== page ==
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US House Rejects Effort to Reign In NSA; Labrador Votes Yes, Simpson Votes No

An amendment that would have curbed the National Security Agency’s ability to collect bulk phone records was defeated, 205-217.


The US House of Representatives has rejected an amendment to the Department of Defense funding bill that would have curbed the National Security Agency’s ability to collect bulk phone records and metadata on millions of Americans.

The measure was narrowly defeated, 205-217.

Editor's note:

Idaho's U.S. House delegation split the Gem State's votes.

Republican Rep. Raul Labrador voted yes, in a losing effort, while Republican Rep. Mike Simpson voted no.

Michigan Republican Congressman Justin Amash and Michigan Democrat John Conyers had proposed the amendment, which sought to restrict NSA’s ability to spy on Americans not suspected of terrorist activity.

“It was shocking and disappointing that we went this far,” Rep. Conyers told the Washington Post in an interview earlier Wednesday. “I’m not happy about it. What we’re trying to do now is see if we can [fix it] without upsetting our need for protection and the kind of authority that we do need. We can do it without hurting national security or efforts to protect against terrorism or other acts that would be detrimental to the United States.”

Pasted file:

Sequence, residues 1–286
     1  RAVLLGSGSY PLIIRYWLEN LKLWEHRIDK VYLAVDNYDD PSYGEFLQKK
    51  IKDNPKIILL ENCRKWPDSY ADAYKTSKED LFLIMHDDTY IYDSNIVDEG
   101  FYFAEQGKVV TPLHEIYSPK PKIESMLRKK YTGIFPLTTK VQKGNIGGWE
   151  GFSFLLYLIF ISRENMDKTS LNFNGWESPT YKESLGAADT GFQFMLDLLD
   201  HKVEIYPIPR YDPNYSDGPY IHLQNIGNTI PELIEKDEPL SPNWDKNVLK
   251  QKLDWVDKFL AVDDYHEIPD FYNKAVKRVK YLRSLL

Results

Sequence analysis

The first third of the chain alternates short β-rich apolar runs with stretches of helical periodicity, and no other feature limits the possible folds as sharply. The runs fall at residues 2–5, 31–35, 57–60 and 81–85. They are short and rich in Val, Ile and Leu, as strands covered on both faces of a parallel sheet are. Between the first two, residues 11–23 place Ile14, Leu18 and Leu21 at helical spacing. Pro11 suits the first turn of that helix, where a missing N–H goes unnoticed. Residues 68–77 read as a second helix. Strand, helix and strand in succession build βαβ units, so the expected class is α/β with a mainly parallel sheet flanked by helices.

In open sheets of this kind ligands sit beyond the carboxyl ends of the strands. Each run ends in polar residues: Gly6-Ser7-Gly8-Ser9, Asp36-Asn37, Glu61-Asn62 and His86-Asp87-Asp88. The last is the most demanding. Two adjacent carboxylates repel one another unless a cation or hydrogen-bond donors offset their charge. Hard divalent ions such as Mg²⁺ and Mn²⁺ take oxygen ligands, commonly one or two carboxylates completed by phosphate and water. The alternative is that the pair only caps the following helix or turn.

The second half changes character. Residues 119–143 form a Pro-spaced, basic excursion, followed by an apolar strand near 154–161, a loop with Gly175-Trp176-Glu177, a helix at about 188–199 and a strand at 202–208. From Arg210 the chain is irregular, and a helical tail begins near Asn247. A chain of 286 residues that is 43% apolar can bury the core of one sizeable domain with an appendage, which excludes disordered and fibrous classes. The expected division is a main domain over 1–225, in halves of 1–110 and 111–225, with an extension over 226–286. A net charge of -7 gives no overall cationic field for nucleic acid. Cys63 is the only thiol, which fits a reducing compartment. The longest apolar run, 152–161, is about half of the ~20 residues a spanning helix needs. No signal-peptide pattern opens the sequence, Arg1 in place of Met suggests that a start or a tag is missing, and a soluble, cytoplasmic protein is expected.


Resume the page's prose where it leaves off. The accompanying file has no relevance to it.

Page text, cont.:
On Tuesday, the senior members of the House intelligence committee, Republican chairman Mike Rogers and Democratic Dutch Ruppersberger, urged their colleagues to reject the amendment, as did NSA chief Gen. Keith Alexander and the White House.

“This blunt approach is not the product of an informed, open or deliberative process,” White House Press Secretary Jay Carney said in a statement. “We urge the House to reject the Amash Amendment, and instead move forward with an approach that appropriately takes into account the need for a reasoned review of what tools can best secure the nation.”

While the amendment has been defeated, the fight to protect privacy is barely missing a beat. On Thursday, a New York court is scheduled to hear preliminary legal arguments in an ACLU lawsuit that challenges the constitutionality of the NSA's mass collection of phone records, the Guardian reported.